Last weekend, I went home to WV to visit family. My primary goal was to see my 96-year-old grandmother who has recently been moved to a nursing home. She’s not happy about it, but as she observed to me, “Nothing stays the same and I don’t guess we’d want it to.”
I also got to see my parents and my younger brother who is about to add a new member to his family. More about that next week.
The visit got me thinking about what a wonderful childhood I experienced. Oh, there were hard things, but it was mostly good. Mostly wonderful. Mostly the kind of stuff that can crop up in my writing without making anyone wish I hadn’t written about that!
Neighbors: Although I grew up in a very rural part of WV, we had international neighbors. Dusan was from Yugoslavia and Masha from Russia. We would hear them out in the pasture calling their cattle in one of the seven languages they spoke. Childless, they showered my brothers and I with affection and introduced us to imported chocolate.
Church: we attended a church our family had been going to since it was built. We were related to most everyone who came–and on a good Sunday there were twenty of us. I treasure growing up in a world where I mixed with adults of all ages. There were no children’s programs. No nursery. It was just family coming together to praise God.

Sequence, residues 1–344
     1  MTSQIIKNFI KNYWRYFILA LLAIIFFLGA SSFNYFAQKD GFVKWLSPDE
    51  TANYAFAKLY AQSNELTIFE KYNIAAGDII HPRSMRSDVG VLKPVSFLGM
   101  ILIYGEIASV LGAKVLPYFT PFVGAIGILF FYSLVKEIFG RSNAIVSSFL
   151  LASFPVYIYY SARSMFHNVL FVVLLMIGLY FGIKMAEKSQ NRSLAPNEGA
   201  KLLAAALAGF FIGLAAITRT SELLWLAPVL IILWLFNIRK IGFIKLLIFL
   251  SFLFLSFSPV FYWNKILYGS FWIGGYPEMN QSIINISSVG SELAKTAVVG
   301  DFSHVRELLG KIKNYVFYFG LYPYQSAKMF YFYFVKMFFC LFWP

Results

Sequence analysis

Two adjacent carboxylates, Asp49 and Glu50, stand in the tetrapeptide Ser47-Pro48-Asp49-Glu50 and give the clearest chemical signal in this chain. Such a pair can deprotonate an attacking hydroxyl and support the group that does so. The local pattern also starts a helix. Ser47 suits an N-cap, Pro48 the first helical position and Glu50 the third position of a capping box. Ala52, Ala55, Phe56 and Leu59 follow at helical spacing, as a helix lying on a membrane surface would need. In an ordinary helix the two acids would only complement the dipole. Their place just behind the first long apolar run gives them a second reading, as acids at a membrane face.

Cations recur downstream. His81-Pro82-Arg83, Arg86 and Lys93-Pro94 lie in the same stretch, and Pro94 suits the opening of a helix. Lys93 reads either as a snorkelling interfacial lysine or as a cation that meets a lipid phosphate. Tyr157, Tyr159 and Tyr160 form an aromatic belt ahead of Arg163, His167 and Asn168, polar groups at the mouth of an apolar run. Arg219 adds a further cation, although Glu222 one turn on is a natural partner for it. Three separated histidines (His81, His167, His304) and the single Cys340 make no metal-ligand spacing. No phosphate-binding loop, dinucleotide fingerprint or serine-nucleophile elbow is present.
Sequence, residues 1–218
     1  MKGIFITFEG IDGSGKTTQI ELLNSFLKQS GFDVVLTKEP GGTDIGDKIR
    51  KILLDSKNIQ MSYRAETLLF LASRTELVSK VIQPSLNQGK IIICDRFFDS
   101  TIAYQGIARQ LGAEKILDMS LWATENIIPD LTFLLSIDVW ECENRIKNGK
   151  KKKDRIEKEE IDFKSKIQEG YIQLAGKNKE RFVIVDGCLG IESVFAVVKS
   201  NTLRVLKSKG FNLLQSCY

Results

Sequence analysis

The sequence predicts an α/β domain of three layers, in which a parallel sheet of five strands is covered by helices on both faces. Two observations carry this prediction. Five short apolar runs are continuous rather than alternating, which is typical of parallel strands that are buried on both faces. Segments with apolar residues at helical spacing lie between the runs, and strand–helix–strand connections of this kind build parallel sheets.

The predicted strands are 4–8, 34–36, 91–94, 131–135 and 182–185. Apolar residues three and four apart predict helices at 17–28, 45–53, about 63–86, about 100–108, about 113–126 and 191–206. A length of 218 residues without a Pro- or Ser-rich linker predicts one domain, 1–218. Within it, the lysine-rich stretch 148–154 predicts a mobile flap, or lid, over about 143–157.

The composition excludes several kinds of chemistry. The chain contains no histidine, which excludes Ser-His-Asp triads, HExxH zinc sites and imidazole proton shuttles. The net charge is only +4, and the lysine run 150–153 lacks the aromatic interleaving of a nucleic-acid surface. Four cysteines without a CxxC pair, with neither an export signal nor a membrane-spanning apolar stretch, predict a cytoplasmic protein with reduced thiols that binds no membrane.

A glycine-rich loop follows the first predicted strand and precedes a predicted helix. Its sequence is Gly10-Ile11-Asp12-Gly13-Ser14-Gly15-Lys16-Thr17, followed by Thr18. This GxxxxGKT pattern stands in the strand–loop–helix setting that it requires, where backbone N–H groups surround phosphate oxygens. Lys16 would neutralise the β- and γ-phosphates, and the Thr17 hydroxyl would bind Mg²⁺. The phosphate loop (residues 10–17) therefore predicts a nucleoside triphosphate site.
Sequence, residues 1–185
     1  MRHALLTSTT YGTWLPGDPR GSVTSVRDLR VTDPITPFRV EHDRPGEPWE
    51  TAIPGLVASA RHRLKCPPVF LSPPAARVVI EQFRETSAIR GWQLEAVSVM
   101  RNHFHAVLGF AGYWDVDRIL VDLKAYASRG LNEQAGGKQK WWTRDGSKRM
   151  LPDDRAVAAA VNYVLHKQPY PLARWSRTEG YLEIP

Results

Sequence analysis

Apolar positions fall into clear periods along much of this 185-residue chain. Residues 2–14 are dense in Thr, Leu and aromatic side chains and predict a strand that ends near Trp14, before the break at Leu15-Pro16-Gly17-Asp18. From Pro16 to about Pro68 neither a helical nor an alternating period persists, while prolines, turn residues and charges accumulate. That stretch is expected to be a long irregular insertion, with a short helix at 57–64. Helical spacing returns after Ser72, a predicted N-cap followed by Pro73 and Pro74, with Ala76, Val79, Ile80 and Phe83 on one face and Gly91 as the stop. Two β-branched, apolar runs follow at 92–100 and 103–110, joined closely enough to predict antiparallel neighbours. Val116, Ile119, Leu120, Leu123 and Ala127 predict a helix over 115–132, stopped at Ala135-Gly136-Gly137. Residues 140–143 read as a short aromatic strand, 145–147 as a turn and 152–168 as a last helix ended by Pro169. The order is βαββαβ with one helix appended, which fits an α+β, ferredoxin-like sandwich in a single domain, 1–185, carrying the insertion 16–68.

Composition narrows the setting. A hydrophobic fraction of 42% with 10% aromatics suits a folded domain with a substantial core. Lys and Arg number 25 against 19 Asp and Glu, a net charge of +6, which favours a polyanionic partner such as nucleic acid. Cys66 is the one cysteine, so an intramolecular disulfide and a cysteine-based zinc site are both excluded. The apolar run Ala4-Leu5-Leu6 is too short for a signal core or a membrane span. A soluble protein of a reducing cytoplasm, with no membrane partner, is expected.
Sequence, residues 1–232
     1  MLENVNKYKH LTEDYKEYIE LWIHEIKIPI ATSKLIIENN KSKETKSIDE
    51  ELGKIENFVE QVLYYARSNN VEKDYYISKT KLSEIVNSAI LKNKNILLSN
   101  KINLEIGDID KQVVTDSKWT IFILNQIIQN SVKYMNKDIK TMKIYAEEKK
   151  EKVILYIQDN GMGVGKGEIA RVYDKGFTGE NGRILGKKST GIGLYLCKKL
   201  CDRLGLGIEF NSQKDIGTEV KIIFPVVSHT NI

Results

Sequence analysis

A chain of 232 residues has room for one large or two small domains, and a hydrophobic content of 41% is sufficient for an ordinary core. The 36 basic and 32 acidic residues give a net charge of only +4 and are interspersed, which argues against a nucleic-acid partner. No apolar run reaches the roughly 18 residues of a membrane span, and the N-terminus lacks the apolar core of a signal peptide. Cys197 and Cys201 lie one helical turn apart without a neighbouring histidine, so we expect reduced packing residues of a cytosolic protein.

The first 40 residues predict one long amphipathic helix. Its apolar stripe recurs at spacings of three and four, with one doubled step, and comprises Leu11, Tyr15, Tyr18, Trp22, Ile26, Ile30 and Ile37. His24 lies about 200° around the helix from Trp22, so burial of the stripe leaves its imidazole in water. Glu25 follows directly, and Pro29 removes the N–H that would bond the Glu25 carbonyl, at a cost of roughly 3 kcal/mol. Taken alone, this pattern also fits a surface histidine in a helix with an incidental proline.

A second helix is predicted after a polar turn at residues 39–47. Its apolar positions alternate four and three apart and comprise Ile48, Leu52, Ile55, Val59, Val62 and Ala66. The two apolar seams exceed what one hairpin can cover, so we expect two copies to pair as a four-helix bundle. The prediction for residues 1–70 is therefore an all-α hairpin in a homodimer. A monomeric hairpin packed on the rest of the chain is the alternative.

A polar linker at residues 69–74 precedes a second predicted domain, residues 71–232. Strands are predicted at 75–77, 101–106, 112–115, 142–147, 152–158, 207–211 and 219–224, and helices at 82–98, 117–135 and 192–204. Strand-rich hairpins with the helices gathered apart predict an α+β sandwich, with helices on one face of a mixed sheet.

Farming: growing up on a farm was hard work . . . and I sometimes miss it. We weren’t overscheduled with lessons and clubs. We didn’t text or play video games or watch cable TV. We picked up rocks when dad plowed the garden. We slopped the hogs and gathered eggs. We put up hay every summer. We helped process our food from potatoes to ground venison. We went barefoot, caught lightning bugs, swam in Laurel Fork and built hay forts. How could I not want to write about all that?
Q4U: What is one of your fondest childhood memories?